Received: 09 Nov 2015 – Accepted for review: 28 Dec 2015 – Discussion started: 19 Jan 2016
Abstract. This study investigates the efficiency of subsurface drainage systems includes drainage wells (vertical shaft with drainage boreholes or horizontal drains) and drainage galleries (longitudinal tunnel with sub-vertical drainage boreholes) for the slope stabilization of Li-Shan landslide in central Taiwan. The efficiency of the subsurface drainages is verified through a series of two-dimensional (2-D) rainfall induced seepage and slope stability analyses without and with subsurface drainages remediation during two typhoon events. Numerical results and monitoring data both show that the groundwater level at B5 monitoring station with subsurface drainages remediation during Toraji Typhoon (2001) is about 40 m lower than that without remediation during Amber Typhoon (1997), and the factor of safety Fs of the first potential sliding surface (1st-PSS, the most critical potential sliding surface) is promoted simultaneously from 1.096 to 1.228 due to the function of subsurface drainage systems. In addition, the Fs values of the three potential sliding surfaces (1st- PSS, 2nd-PSS, and 3rd-PSS) stabilized by subsurface drainage systems are constantly maintained greater than unity (FS>1.0 or FS≥1.217) during rainfalls with return periods increases from 25 to 50 and 100 years. This demonstrates the subsurface drainage systems in Li-Shan landslide are functional and capable of accelerating the drainage of infiltration rainwater induced from high intensity and long duration rainfall and protect the slope of landslide from further deterioration.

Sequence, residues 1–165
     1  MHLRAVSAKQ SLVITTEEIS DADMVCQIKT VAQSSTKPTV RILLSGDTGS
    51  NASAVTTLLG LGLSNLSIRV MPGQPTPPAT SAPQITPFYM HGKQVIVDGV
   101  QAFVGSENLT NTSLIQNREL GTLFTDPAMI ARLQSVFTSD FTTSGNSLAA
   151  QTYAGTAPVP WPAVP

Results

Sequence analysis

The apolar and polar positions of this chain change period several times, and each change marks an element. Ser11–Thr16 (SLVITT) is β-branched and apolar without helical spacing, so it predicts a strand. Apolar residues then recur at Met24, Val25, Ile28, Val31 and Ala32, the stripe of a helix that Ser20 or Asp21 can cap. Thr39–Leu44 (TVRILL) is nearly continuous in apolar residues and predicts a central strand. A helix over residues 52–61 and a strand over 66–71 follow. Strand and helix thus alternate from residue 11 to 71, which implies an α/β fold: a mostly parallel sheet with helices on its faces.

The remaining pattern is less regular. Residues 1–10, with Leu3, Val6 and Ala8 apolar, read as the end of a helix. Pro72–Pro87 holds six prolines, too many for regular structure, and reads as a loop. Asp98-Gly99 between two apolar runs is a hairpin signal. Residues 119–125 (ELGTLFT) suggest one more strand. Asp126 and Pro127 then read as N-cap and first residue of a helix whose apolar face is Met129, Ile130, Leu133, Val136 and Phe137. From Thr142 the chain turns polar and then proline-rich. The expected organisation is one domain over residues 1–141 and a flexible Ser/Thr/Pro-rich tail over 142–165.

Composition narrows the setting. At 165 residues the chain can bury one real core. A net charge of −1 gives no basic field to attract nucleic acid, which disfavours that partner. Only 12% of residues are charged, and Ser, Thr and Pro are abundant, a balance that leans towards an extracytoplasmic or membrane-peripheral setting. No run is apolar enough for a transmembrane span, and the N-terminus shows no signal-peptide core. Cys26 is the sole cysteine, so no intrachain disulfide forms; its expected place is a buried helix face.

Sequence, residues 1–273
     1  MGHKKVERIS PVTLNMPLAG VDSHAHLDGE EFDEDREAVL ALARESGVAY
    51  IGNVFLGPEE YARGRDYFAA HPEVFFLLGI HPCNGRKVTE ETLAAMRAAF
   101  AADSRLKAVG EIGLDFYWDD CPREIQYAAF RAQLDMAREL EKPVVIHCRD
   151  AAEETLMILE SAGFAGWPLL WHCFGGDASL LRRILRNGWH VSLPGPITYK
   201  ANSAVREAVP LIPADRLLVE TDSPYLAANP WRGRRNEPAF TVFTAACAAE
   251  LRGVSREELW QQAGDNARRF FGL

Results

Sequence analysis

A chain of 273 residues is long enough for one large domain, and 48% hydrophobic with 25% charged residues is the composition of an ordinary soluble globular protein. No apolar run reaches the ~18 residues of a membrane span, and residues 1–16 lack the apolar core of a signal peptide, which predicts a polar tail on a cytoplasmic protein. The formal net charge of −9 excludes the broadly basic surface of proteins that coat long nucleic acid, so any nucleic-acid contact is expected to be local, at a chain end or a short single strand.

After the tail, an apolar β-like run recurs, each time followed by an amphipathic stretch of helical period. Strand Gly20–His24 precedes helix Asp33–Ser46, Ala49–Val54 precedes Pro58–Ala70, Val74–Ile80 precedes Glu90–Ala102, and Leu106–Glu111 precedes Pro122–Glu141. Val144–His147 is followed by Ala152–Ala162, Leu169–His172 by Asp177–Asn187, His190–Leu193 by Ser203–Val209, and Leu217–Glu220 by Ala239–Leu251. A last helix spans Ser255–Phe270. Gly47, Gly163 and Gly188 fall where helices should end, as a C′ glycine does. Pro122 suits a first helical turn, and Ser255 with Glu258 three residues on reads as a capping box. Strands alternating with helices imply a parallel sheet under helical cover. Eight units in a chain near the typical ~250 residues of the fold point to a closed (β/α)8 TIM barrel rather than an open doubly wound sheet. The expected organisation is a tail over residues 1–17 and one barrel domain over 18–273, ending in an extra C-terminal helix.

This preprint has been withdrawn.
How to cite. Lin, D.-G., Hung, S.-H., Ku, C.-Y., and Chan, H.-C.: Evaluating the Efficiency of Subsurface Drainages for Li-Shan Landslide in Taiwan, Nat. Hazards Earth Syst. Sci. Discuss. [preprint], https://doi.org/10.5194/nhess-2015-309, 2016.